Three option selling is an extremely simple concept which will increase your closing percentage.  The biggest mistake made by newer sales people is NOT using this incredibly important and simple strategy.  The only challenge is being creative enough to pinpoint the three options you are selling.  I know you are wondering WHAT three option selling is; let me explain.

 

There is a trap into which average or below average sales people fall.  You must avoid this trap of “yes” or “no” land.  Consider the common denominator of the following questions:

  • “Do you want to buy my product?”
  • “Are you interested, Mr. Jones?”
  • “Do you need this service, Ms. Smith?”

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There is a trap into which average or below average sales people fall.  You must avoid this trap of “yes” or “no” land.  Consider the common denominator of the following questions:

  • “Do you want to buy my product?”
  • “Are you interested, Mr. Jones?”
  • “Do you need this service, Ms. Smith?”

Those are “yes” or “no” questions.  If you use those kinds of questions, you will be a below average sales person.  However, professional sales people sell in the world of “yes,” “yes,” or “yes.”  THAT is three option selling!  The professionals will give prospects three possible choices from their presentation.  The prospects may either answer “yes,” or they may answer “yes,” or they may answer “yes.”  Those are three really good options.

In order to present three options, you must first decide which is the right value proposition for the vast majority of prospects to whom you speak.  This should be the best item or solution for 60% to 75% of your prospects.  Therefore, that item or solution will be your middle option.  Although most sales people only pitch this one option, a sales professional will make this a middle option.  As an example, let’s assume you are a merchant services sales person.  You may offer a free tablet point of sales system which is an inexpensive solution fitting well with your market of Mom and Pop shops.  That’s what you want the majority of people to purchase and is, therefore, the middle option.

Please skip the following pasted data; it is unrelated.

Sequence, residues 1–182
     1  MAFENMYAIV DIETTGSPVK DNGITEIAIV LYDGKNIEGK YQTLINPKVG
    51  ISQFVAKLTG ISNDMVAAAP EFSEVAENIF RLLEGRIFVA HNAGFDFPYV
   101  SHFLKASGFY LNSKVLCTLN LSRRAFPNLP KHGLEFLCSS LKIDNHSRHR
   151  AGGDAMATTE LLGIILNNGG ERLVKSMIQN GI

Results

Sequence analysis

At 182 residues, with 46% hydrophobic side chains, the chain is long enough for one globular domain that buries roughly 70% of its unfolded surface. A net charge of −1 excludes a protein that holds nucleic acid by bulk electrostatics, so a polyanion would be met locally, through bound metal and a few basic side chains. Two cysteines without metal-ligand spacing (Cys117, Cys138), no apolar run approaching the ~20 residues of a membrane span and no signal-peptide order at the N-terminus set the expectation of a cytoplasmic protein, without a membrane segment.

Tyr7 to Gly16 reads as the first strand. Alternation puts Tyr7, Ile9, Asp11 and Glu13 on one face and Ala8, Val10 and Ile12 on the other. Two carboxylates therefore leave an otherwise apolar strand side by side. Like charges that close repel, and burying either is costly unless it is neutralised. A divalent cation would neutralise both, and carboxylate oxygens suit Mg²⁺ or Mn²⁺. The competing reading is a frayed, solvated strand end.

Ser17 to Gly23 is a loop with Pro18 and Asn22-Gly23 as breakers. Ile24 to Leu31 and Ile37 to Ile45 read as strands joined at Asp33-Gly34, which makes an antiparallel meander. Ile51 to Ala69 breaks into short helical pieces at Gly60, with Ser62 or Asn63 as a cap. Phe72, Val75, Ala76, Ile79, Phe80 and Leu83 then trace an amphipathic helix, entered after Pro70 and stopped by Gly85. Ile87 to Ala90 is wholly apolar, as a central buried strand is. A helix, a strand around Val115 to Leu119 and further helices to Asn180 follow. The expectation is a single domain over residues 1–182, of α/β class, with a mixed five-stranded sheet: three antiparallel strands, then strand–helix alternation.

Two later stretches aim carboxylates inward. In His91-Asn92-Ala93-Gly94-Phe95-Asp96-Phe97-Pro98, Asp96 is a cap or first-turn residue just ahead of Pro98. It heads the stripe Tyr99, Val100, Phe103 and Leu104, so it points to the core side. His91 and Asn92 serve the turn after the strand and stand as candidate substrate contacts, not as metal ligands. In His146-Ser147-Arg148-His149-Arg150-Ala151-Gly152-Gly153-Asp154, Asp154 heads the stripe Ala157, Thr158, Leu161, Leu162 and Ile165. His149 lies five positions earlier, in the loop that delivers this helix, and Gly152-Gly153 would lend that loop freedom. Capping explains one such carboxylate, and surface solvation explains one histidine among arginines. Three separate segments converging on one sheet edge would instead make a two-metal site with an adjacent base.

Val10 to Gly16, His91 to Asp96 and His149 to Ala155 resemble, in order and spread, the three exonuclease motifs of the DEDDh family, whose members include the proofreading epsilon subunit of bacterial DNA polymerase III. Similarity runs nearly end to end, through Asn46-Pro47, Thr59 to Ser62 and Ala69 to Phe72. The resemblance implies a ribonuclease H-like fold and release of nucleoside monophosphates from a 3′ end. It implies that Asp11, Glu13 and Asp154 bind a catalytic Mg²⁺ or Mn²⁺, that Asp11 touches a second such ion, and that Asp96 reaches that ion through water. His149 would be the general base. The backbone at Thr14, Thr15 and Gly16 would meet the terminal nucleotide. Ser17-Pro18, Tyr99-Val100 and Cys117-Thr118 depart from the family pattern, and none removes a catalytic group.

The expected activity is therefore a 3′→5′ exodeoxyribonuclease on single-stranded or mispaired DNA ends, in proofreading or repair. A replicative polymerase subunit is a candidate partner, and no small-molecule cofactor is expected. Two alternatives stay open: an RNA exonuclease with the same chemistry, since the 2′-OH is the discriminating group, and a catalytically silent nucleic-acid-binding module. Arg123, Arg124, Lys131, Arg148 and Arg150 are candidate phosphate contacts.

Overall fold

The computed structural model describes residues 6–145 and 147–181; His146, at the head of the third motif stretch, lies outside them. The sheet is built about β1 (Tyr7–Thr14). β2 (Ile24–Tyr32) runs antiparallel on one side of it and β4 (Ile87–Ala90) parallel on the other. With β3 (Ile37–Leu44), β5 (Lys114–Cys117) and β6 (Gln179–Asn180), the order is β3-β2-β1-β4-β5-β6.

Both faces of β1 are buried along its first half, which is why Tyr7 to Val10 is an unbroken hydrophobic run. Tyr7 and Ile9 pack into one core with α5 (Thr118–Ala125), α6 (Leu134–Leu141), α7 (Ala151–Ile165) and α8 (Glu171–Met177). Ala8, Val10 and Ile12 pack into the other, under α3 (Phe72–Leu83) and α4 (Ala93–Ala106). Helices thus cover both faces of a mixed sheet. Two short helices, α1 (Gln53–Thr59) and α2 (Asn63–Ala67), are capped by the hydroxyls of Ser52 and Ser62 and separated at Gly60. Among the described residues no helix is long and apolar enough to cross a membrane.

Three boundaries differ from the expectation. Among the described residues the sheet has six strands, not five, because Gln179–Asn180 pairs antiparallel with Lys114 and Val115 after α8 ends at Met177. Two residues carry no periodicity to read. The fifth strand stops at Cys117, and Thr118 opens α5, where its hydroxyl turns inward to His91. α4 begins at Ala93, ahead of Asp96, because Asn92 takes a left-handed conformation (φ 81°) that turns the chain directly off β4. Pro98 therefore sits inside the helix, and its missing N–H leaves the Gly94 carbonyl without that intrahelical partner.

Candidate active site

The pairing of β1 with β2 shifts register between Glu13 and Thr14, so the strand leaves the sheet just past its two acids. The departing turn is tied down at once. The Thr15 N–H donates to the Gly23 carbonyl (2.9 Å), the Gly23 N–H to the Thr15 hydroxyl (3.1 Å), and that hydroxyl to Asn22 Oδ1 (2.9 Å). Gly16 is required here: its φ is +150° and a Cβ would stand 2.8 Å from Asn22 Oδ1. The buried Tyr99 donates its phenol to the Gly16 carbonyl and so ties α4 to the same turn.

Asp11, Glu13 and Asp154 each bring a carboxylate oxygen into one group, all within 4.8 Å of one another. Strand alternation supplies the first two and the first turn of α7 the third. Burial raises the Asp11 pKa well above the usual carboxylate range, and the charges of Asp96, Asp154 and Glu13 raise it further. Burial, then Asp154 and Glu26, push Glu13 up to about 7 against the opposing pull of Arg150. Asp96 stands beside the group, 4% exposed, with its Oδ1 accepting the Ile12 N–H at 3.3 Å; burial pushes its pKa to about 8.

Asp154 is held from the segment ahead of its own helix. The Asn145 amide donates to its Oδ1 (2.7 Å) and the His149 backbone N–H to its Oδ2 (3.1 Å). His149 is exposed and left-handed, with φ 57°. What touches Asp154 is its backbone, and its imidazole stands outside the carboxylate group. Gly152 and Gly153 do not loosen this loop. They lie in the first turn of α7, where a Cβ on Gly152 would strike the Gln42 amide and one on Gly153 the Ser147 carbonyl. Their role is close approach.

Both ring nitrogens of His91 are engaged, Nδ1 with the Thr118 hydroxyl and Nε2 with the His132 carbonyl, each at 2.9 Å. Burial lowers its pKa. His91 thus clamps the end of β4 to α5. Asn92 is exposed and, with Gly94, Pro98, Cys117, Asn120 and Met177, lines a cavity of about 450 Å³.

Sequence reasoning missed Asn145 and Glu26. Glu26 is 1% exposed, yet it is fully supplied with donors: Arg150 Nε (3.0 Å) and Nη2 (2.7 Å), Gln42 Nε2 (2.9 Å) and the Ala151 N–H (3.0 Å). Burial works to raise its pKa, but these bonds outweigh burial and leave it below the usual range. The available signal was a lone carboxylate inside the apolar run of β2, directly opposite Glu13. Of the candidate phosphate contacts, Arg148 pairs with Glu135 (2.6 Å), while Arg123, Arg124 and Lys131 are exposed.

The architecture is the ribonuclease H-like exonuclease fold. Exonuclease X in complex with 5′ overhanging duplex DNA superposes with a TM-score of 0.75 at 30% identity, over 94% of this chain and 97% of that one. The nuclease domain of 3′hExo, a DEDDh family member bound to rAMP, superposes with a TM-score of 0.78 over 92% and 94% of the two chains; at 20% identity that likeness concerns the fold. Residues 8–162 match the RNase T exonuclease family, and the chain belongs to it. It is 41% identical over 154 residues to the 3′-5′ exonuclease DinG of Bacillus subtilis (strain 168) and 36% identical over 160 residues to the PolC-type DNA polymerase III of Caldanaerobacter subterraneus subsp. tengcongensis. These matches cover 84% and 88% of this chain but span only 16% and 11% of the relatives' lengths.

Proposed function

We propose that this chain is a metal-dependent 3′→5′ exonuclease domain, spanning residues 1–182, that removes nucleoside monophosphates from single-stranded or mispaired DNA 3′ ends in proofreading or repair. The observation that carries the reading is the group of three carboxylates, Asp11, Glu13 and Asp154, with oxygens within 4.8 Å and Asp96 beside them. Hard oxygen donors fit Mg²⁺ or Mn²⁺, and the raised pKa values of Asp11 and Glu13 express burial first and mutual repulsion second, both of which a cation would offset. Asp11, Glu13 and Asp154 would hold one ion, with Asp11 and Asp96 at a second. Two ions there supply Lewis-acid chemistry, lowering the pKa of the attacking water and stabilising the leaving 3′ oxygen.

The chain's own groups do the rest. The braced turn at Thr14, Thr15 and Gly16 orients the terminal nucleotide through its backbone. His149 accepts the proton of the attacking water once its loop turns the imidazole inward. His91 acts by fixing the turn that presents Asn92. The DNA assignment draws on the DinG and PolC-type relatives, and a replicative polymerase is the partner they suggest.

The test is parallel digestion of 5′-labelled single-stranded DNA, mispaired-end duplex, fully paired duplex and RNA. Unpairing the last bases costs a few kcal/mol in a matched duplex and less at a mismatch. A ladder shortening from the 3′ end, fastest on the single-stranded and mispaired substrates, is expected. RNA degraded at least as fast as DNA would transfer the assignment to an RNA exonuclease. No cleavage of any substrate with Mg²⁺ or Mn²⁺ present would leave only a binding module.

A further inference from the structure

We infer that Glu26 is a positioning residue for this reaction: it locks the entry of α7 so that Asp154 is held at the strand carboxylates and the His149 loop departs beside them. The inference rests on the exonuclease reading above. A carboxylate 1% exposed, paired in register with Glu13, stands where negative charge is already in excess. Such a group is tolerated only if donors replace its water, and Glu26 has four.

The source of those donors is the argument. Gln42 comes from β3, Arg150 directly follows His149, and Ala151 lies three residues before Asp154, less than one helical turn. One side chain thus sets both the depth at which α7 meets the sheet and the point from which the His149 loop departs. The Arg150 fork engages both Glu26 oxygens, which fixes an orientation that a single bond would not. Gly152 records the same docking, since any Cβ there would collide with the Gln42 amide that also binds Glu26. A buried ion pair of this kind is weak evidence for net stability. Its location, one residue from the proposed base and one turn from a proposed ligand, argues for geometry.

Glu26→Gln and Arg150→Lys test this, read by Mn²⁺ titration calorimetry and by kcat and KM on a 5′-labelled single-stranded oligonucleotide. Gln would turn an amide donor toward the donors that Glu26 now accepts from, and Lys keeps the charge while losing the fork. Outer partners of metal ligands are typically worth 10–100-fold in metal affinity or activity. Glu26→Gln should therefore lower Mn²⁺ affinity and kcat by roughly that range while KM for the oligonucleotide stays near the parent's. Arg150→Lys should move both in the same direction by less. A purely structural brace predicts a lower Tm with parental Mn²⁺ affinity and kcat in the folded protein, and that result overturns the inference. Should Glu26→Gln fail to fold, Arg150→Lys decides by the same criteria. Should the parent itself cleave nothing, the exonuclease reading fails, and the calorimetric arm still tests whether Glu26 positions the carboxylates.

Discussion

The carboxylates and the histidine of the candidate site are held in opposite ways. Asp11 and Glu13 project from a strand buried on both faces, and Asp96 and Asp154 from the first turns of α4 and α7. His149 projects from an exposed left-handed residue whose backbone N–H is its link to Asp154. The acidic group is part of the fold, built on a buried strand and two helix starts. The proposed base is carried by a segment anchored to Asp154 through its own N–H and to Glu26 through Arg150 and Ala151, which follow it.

After you’ve chosen the middle option, determine what you can offer prospects who may desire something more – something on the “high side.”  Again, let’s assume you are a merchant services sales person.  You might offer an option to purchase Clover point of sale or NCR Silver, both of which are a step up from the free tablet point of sale system.  This will become your higher option for prospects who want something more than the middle option.

Now choose the third option by determining the prospects’ main objection to your middle option.  What would be the reason you can’t sell them even the middle option, much less the higher one?  Whatever the objection, you need a “lower” option to compensate.  As the merchant services sales person, you might offer the free terminal placement, month-to-month agreement, 40 basis points and 8 cents.  This lower option is basically so good everybody should at least do that.

When making your presentation, begin with the middle option as the “hook” introduction.  However, use the three options as you actually prepare to close the deal.  Notice the prospect’s responses, tone of voice, and body language.  (Even in a phone conversation much can be gleaned from the prospect’s choice of words and tone of voice.)  Is the prospect interested in or impressed with the middle option?  Here is an example script for this part of the sales process when the prospect isn’t interested in the middle option:

“Mr. Jones, I know I talked a lot about the Shopkeep point of sale (or whatever.)  However, I really want to talk to you today about our three options.  You tell me what you think works best for you and your needs.  First of all, we have Clover.”  (Go through the Clover pitch.)

If there is no evident interest in Clover:

“I would recommend our most popular middle option which is the Shopkeep point of sale we talked about earlier.  What are your thoughts on that?”  (Go through it again.)

Often prospects will choose the middle option now that they’ve “stepped down” from the higher one.  If the prospect says, “No, I’m not interested in that.  I don’t want to upgrade anything”:

“Well, let’s at least do this – you have a third option.  There is no reason not to do it.  It is a month-to-month agreement and a free terminal.  The pricing is really low.  This is a way for me to start a relationship with you.  I’ll be honest with you, Mr. Jones, my goal long term is actually to get you to upgrade to one of these other solutions which I know would provide more value.  But I respect the fact that you want to just start a relationship and get to know me a little better.  I certainly respect that.  So, let’s go with option number three.  It’s our least expensive.  There is a month-to-month agreement.  There is really no reason not to do that.  Once we move forward with that one and you decide to upgrade in the future, we can certainly do it.  Does that sound fair to you?”

Using this pitch will allow you to close a much, much higher percentage of deals.  There is not a “yes” or “no.”  There are only THREE OPTIONS:  “yes,” “yes,” “yes.”

My name is James Shepherd.  Thanks for reading!